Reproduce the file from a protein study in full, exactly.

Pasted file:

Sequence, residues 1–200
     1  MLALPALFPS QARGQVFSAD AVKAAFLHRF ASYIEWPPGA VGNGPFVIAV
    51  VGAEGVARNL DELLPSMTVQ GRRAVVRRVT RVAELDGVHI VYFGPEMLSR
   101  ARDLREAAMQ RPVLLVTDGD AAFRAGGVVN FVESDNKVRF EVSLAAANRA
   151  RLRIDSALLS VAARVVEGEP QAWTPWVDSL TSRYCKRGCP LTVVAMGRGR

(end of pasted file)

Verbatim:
Sequence, residues 1–200
     1  MLALPALFPS QARGQVFSAD AVKAAFLHRF ASYIEWPPGA VGNGPFVIAV
    51  VGAEGVARNL DELLPSMTVQ GRRAVVRRVT RVAELDGVHI VYFGPEMLSR
   101  ARDLREAAMQ RPVLLVTDGD AAFRAGGVVN FVESDNKVRF EVSLAAANRA
   151  RLRIDSALLS VAARVVEGEP QAWTPWVDSL TSRYCKRGCP LTVVAMGRGR